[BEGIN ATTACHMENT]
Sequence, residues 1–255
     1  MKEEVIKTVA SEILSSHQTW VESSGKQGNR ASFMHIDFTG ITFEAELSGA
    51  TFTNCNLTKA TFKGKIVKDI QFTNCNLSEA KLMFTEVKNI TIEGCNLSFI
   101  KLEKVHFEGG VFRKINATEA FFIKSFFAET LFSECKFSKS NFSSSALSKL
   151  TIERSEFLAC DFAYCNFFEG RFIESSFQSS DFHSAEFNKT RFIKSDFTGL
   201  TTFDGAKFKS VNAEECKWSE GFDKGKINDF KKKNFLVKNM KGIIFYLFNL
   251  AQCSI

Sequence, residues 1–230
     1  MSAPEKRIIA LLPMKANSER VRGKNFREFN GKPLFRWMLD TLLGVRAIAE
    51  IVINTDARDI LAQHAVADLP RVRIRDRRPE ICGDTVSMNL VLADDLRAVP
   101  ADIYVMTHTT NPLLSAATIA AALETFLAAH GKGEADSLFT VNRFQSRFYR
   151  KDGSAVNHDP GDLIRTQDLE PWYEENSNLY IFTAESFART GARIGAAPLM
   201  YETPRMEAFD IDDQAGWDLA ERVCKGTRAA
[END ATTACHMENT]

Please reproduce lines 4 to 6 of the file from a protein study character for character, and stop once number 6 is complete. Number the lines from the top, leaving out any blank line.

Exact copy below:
   101  KLEKVHFEGG VFRKINATEA FFIKSFFAET LFSECKFSKS NFSSSALSKL
   151  TIERSEFLAC DFAYCNFFEG RFIESSFQSS DFHSAEFNKT RFIKSDFTGL
   201  TTFDGAKFKS VNAEECKWSE GFDKGKINDF KKKNFLVKNM KGIIFYLFNL